I would like to thank the Dutch Presidency for the very productive and very well-organised informal ECOFIN.
Some observations on today’s discussion on how to simplify and make more predicable the way we apply the Stability and Growth Pact.
First of all, we all agreed that – to uphold sound public finances - we need a consistent application of our fiscal rules. This is all the more important for countries in the Euro area.
In the last decade the Stability and Growth Pact has undergone several reforms to make it more refined. Now, when assessing the structural budget balance, we take into account the economic situation in the Member States. And we have a preventive arm of the SGP, concentrating on fiscal performance of Member States also if their public deficit is below 3% of GDP.
These reforms have also highlighted the importance of the level of debt. The structural balance is a key indicator of the fiscal policy stance but it is difficult to estimate precisely and, to an extent, it lies beyond the control of governments. In practice, a number of other indicators have been introduced to cross-check the indications from the structural balance.
However, despite that the Commission has improved the transparency of how the rules are applied, there is a perception that the rules have become too complex. We need to acknowledge and address this perception, for the sake of budget planning and public understanding of it.
Clearly, there will be no very easy solutions or alternatives for such a complex matter. But we can agree on two principles to work on: predictability and simplicity while preserving the capacity to take into account economic conditions in the Member States.
Our approach is to work within the current legislation and in close consultation with Member States.
The Commission has identified already in a Communication of October last year three ways to improve the implementation of the rules:
· First, we have to ensure more consistency between the debt rule and the adjustment path of Member States towards the medium term budgetary objectives.
· Second, unforeseen variations in economic activity should be taken into account, both when the economic situation turns out better or worse than initially foreseen.
· Finally, we need to simplify the assessment of compliance with the targets under the SGP. Today, so many different indicators exist, that it is difficult to see clearly.
Today’s discussion focused mainly on this third point. The Commission has been studying the possibility of reducing the number of operational indicators. Our intention is to focus more on what is really in the hands of the Ministers of Finance, namely the evolution of primary expenditure and new revenue measures. This does not mean that we will put aside the deficit and the debt objectives. It is rather about making it clear what governments are expected to do to achieve these objectives. There was I would say broad support to pursue the work in this direction.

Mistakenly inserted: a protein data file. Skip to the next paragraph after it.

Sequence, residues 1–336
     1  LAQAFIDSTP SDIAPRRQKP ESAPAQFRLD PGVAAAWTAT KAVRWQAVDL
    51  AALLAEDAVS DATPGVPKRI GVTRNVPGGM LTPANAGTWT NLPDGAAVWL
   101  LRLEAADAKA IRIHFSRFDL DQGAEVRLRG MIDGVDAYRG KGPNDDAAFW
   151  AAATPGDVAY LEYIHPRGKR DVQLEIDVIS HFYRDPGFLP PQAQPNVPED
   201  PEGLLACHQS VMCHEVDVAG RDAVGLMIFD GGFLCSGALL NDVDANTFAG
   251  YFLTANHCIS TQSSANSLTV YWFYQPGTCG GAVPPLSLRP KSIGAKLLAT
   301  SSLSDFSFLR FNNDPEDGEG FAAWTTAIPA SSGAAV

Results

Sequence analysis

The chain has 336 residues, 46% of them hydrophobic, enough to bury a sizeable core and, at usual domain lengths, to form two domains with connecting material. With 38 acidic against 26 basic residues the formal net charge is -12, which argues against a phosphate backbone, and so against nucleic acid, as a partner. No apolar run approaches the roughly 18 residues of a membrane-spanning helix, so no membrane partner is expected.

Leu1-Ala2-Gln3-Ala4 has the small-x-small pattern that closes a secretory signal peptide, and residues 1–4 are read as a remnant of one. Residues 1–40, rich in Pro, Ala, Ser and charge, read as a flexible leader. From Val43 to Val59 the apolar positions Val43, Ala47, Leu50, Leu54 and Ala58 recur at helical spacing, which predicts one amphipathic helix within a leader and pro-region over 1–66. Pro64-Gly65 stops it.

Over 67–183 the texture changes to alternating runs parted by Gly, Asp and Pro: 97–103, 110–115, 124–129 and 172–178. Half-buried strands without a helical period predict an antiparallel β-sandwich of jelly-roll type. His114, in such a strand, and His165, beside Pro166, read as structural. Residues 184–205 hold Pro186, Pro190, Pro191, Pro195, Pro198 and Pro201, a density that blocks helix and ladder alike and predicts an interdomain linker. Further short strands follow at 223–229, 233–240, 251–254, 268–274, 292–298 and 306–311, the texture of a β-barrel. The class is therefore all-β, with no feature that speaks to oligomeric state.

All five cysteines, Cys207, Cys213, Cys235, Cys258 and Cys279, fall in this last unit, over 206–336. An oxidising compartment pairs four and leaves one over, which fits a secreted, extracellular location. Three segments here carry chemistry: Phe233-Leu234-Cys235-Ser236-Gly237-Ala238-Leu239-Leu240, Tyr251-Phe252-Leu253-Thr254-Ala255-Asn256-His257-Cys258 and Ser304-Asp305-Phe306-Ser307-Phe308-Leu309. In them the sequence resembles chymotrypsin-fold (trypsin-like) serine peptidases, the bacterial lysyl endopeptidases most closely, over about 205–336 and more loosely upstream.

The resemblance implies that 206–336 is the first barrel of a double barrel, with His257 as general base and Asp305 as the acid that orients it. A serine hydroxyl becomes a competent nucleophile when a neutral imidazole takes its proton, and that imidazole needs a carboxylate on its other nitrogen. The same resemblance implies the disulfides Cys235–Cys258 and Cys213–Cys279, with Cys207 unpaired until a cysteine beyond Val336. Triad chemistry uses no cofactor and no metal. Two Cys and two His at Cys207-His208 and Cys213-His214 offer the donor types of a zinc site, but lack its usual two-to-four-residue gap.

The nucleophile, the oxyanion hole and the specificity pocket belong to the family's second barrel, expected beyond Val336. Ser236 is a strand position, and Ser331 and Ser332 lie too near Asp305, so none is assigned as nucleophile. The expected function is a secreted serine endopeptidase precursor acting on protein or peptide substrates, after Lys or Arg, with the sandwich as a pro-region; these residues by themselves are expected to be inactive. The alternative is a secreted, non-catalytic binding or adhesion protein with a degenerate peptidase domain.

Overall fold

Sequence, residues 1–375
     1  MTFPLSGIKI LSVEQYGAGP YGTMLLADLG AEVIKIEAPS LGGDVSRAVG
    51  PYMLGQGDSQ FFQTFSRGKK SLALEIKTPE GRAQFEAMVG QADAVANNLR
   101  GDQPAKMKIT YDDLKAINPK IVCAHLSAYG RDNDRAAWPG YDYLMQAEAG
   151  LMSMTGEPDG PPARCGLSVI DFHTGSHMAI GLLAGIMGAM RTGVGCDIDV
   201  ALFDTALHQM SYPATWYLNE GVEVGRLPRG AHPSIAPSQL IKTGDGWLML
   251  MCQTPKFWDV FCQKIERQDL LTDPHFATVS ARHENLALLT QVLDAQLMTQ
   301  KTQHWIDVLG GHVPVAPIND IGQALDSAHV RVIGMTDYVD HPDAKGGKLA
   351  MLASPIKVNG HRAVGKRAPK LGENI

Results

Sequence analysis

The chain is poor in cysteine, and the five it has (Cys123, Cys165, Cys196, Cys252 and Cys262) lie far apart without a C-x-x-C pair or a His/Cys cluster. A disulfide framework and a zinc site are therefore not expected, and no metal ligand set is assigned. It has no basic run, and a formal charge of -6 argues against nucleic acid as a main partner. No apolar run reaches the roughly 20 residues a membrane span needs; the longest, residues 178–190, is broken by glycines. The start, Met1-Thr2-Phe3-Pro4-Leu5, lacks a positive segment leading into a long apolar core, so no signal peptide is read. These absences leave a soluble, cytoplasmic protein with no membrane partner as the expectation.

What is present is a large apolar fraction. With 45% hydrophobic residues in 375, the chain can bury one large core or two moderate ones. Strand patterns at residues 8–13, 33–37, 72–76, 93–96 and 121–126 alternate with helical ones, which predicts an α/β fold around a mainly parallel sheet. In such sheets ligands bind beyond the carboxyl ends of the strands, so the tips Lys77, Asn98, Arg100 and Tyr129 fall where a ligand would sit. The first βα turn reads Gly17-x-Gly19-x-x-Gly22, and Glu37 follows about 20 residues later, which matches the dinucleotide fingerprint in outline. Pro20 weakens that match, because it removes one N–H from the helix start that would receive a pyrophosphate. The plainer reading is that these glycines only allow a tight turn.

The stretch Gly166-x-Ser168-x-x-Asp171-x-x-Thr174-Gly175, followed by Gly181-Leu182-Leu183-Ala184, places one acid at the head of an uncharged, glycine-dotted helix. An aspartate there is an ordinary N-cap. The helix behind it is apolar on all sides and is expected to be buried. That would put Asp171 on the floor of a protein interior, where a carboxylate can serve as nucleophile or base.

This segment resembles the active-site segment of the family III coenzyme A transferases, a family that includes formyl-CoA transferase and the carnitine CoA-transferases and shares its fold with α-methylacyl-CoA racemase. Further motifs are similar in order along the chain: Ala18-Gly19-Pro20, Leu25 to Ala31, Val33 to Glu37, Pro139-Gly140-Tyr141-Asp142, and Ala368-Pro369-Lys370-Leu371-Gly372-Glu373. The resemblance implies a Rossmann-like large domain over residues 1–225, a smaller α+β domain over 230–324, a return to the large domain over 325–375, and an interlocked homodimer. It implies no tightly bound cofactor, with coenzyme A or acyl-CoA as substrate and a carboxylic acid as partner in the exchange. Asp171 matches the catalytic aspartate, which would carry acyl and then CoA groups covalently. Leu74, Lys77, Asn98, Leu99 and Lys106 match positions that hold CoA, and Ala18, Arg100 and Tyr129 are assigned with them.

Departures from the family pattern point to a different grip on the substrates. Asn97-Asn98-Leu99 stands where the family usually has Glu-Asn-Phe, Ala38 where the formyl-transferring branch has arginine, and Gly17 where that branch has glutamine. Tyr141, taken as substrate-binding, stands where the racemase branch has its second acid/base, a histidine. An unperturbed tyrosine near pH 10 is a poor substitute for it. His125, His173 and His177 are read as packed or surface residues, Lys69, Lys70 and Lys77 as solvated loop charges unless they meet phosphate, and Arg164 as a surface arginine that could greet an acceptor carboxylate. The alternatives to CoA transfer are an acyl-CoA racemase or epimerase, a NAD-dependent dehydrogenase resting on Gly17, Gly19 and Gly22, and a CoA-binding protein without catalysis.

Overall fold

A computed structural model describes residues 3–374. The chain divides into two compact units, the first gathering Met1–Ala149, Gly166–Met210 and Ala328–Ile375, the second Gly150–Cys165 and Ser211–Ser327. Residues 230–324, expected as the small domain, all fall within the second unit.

Ministers have also asked the Commission to look into the way the output gap is currently calculated and we will address this issue in cooperation with the Member States. At the same time, we need to be realistic in our expectations, as many underlined that there is no perfect method of calculating the out-put gap, it will always be an approximation.
In the shorter term and more specifically, we have also been asked to follow-up on the letter by the 8 Finance Ministers about aligning the forecasting horizons used by the Member States and the Commission in calculations of the potential output gaps.
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And on today's second topic, on fight against VAT fraud.
Every year, in the EU, almost €170 billion of VAT revenues are lost, of which around €50 billion euros to cross-border transactions, also called carrousel fraud. This is why the Commission recently presented VAT Action Plan with a series of short term and medium term steps that form our strategy to fight against VAT fraud. There has been broad support for the fact that we need to tackle this issue.
In the short term, we must boost cooperation between VAT tax administrations in different Member States. This will help us detect the networks of companies that commit so-called carrousel fraud at a cost of billions of euros to our national budgets.
Today’s discussion on upgrading and linking up our IT systems is an important step because it will mean that our tax authorities will get critical information much faster.
The Commission welcomes the wide support for this direction of the work and also will finalise the feasibility study on the Social Network Analysis tool, also called Transaction Network Analysis (TNA) soon.